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  • Ridgid Jointer

    I am looking to buy a jointer. I know nothing about them other than what they do.
    I was at Home Depot this morning and they have the Ridgid 6 1/8 inch 1 hp with a stand for 399.00. I was looking for a bench top for around 200.00 to 300.00 max.
    Could someone tell me more about the Ridgid name and how its associated with Craftsmen?? Sears has a bench top (249.00) i think it was 1 1/2 hp 6 1/8 that i was tempted to get, but it has to be ordered..I need help here!!! I dont know what to buy. I really didnt want to spend 400.00. I know this is a ridgid forum and you wont say much bad about it so tell me whats good about it.
    Thanks in advance..
    H [img]smile.gif[/img]

  • #2
    Rigid hasn't been with Craftsman for I think over 6 years now.

    As to the Rigid jointer.

    My personal opinion is that it is one of the best 6" jointers out there. The current price is awsome. It will out do ANY bench top jointer you are looking at. I spent four hours at a freinds house not to long ago trying to get his POS craftsman benchtop jointer set up right. Never could get it close enough for me, but it does ok doing the edges. Not too good on facing.

    If you can afford the Rigid, get it. You won't be sorry.
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    www.patriotguard.org

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    • #3
      Well Howie, Craftsman is not where it's at. If you'd like a more independent analysis of what to buy, go over to the WoodNet.Net forum. You'll find that Craftsman doesn't get a look in...!!

      The Ridgid at the present close-out pricing takes some beating.

      David

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      • #4
        David,

        Are you seeing closeout pricing on the RIDGID jointer? It's still $399 around here.

        Dave
        Teach your kids about taxes..........eat 30 percent of their ice cream.

        Comment


        • #5
          It's $349 here, as well as the TP1300 being less than I paid for them!
          Support Our Troops!
          www.mnpatriotguard.org
          www.patriotguard.org

          Comment


          • #6
            I purchased the Ridgid jointer because it was slightly more compact than its competitors, and was well-priced. Reviews on the net also seemed in favor. At $400 I wasn't expecting a lot, and time will tell if AVVIE's comments hold true for the motor. If the rest of the machine works well and holds up, it would be worth throwing a quality motor on it in the event of a failure. Most of my floor tools are Delta, but that's no guarantee of longevity or quality. Their designs can be crude, and parts can, and do, fail. I was impressed by the Ridgid's setup. All parts were there and well-organized, and assembly was straight-forward. I did the assembly upright, as I was afraid I might not be able to get the thing off its back by myself. You just have to get down underneath with a flashlight to find the assembly holes. I did have to do a minor alignment of the fence mount, but everything else was spot-on, including the blades. It runs smoothly and quietly, and with my portable extraction system hooked to the dust chute, there's not a crumb of sawdust to be found after jointing. So far I have only done a few test runs with some Maple, but it came out smooth and straight. The only problem so far: The bottom edge of the cutterhead guard sits 3/4" off the table surface. I was planing an S2S board exactly the width of the cutter head (I never reached the minimum planing thickness of 1/2" recommended in the instructions). When the board was cut down just enough to slide under the notch in the guard (which I assume it's supposed to do - thereby not moving the guard aside), the board jammed between the fence and the underside of the guard near its pivot point. I had to turn off the machine to extricate the board. I would have to look at the fences of other brands to compare, but I think this is a dangerous design. The underside of the guard should come close to the table surface and be pushed aside during all planing operations. There is also a point in planing where the board gets thin enough to not quite slide under the guard, thereby causing a jam. Additionally, when the guard does not swing aside, it gets in the way of the push blocks when trying to move the timber through the machine. I'm not sure what to do about this jamming tendency. I am actually considering machining off some material from the underside of the guard casting to allow it to rest closer to the table top. If this problem exists on all the Ridgid jointers, I can tell you that, when your board gets thin enough to slide under the head guard, you had better be ready for a jam. Also, you cannot plane at the full width of the cutterhead without causing a jam between the fence and the guard out near its pivot point. This is my first jointer, and maybe there's something I'm not getting, but I can tell you that things get a bit scary with this guard situation.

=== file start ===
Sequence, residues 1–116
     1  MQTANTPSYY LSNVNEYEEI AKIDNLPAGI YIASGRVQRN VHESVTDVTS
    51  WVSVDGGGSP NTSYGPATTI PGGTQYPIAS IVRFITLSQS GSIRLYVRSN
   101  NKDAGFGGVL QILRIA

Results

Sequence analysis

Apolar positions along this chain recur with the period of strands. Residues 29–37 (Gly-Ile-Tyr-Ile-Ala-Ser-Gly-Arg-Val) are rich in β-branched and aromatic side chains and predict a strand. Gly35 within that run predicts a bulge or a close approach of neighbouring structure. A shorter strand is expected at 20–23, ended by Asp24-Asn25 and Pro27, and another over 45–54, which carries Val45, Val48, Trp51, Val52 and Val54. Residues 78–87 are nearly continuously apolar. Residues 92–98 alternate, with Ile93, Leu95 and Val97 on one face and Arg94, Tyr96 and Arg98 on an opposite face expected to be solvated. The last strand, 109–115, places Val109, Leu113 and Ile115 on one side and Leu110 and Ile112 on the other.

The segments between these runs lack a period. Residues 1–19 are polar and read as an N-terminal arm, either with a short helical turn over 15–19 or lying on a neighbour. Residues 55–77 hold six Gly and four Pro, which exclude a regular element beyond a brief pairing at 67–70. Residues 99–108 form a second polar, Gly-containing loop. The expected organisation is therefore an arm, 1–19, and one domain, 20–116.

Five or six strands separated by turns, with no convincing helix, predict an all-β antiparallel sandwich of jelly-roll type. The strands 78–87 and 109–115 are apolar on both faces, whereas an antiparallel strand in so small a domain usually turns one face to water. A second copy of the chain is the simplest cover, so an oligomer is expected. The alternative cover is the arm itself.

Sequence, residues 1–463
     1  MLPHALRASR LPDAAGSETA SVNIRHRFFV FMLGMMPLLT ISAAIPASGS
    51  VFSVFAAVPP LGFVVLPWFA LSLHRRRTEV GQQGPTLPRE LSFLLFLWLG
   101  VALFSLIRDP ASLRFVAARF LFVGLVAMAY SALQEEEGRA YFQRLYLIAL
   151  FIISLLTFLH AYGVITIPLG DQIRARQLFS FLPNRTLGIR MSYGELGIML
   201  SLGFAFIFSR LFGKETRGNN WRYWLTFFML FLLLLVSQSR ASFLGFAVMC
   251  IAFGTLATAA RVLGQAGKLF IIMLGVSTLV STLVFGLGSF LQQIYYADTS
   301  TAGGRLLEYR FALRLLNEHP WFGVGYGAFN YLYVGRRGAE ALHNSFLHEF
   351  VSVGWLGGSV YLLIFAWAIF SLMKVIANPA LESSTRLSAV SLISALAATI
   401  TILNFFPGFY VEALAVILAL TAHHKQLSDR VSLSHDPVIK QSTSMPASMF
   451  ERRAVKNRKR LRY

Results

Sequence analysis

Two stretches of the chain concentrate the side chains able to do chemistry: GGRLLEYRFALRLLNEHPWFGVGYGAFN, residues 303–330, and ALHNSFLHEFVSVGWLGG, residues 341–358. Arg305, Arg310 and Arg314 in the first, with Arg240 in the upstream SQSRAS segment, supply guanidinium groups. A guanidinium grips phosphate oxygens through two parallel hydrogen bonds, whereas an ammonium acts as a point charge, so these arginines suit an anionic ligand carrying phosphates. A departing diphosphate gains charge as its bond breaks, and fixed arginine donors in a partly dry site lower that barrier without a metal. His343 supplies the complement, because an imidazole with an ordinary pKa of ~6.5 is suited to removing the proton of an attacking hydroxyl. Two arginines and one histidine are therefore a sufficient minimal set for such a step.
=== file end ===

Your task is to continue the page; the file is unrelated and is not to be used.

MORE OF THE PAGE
Comment


            • #7
              Originally posted by wmetcalf: